- Low and High Values for Factors
- For each factor in the list, verify that the type and settings are correct.
- Type: Factor levels can be text or numeric. The initial type matches the data type in the worksheet. If a categorical factor uses numeric levels, use Change Data Type so that the levels are text before you define your design. If a categorical factor has more than 2 levels, you can use Fit Regression Model to analyze the data without defining a design.
- Low: If the factor is numeric, the initial value matches the minimum numeric value in the column. The minimum and the low level can be different if the design contains a botched run where the factor level is less than the level that you want to use as the low level. If your design contains a botched run with a lower level, type the level you want to treat as the low level for the factor. If the factor is text, type the level that should be the low level.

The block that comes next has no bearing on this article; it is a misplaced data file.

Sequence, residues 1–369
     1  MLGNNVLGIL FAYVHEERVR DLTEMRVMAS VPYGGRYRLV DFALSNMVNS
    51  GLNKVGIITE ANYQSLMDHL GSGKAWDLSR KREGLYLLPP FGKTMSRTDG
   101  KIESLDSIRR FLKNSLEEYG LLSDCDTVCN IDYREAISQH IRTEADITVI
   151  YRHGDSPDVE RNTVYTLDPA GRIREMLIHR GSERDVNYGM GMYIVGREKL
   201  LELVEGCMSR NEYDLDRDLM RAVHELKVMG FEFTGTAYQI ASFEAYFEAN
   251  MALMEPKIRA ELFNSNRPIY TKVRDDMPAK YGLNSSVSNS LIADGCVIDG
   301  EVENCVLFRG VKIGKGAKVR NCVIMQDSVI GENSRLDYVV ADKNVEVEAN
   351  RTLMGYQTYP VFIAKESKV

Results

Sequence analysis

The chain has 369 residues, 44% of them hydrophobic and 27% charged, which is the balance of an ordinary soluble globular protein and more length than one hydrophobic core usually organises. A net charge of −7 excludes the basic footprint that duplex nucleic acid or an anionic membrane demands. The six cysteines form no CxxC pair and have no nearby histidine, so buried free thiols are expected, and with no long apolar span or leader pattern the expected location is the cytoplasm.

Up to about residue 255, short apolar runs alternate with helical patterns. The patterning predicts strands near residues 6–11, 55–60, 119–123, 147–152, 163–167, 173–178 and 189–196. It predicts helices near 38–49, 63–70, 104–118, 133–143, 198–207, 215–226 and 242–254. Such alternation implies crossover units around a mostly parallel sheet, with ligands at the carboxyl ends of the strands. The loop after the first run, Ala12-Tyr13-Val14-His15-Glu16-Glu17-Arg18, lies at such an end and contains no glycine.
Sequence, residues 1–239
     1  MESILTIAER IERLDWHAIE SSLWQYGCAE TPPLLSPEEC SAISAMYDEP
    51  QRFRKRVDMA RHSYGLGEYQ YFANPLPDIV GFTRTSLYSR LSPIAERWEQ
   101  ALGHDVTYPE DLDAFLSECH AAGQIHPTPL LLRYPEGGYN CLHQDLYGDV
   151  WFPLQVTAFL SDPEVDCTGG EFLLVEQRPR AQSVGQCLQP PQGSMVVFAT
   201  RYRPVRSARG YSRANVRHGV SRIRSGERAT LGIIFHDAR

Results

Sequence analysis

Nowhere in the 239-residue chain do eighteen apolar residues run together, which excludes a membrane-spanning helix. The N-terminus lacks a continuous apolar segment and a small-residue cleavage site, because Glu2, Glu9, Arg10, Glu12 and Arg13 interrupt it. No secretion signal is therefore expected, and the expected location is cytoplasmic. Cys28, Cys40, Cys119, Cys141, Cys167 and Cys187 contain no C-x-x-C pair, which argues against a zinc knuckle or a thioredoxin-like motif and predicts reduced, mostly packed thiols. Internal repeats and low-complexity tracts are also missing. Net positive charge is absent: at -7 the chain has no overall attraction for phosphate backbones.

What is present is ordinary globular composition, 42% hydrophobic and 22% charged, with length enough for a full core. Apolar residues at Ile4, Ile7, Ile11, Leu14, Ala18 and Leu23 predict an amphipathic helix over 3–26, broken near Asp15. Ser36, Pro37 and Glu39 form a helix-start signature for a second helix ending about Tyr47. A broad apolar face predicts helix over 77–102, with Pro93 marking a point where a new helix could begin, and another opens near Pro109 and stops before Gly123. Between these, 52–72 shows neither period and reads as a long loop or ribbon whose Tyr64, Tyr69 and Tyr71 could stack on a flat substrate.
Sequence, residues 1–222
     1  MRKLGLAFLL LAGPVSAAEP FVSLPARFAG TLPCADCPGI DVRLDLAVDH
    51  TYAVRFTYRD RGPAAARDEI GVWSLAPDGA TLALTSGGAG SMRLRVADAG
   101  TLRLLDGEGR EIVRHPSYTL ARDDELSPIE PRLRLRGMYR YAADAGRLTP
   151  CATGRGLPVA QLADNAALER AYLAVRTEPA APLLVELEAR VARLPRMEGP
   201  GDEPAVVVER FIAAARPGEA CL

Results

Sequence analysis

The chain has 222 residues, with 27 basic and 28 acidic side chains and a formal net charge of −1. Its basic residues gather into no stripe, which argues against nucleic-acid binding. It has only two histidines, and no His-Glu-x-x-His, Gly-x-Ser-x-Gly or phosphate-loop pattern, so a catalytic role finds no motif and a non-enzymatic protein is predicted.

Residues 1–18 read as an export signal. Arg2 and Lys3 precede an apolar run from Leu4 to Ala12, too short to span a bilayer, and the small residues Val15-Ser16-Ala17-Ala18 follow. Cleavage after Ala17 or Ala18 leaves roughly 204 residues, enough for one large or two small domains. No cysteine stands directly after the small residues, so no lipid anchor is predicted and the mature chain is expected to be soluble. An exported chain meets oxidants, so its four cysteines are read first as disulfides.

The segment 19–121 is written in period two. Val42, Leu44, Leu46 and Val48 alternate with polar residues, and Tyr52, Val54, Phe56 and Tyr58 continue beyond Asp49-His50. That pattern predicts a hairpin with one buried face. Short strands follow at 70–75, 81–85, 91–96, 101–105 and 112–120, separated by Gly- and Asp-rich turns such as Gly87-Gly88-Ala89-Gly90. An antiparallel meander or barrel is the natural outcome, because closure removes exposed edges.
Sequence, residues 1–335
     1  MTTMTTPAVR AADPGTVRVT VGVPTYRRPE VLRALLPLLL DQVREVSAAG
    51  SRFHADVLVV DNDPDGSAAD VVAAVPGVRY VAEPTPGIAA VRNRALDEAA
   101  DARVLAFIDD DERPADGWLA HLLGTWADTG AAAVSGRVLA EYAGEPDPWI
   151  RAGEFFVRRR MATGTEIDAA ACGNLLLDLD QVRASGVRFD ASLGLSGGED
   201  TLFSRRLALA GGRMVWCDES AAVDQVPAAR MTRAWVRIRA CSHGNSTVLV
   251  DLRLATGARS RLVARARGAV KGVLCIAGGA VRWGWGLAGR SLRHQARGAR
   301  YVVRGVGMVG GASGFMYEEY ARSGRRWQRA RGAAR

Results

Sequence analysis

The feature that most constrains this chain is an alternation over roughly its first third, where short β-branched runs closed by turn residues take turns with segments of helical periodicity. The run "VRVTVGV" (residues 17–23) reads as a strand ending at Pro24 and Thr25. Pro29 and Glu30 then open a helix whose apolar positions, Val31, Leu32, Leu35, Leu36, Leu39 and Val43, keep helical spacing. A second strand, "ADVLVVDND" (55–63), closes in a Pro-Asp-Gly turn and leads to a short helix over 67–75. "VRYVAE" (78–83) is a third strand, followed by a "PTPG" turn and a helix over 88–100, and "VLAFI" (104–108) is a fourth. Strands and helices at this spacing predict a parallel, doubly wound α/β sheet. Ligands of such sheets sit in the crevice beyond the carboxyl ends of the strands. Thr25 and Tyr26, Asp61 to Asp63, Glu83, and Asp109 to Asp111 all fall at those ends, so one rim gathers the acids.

- High: If the factor is numeric, the initial value matches the maximum numeric value in the column. The maximum and the high level can be different if the design contains a botched run where a factor level is greater than the level that you want to use as the high level. If your design contains a botched run with a higher level, type the level you want to treat as the high level for the factor. If the factor is text, type the level that should be the high level.

###### Note

If you mistype the high or low level for a text factor in the worksheet, Minitab Statistical Software warns that text factors must have exactly two levels when you click OK to define the design.

- Worksheet Data Are
- Select how the data are recorded in the worksheet.
- Coded: High and low levels of numeric factors are coded as 1 and −1. Text factors are coded with numbers instead of text. For numeric factors, Minitab Statistical Software interprets values other than 1 and −1 as botched runs.
- Uncoded: High and low levels of the numeric factors are in the units of the data. Levels for text factors are text.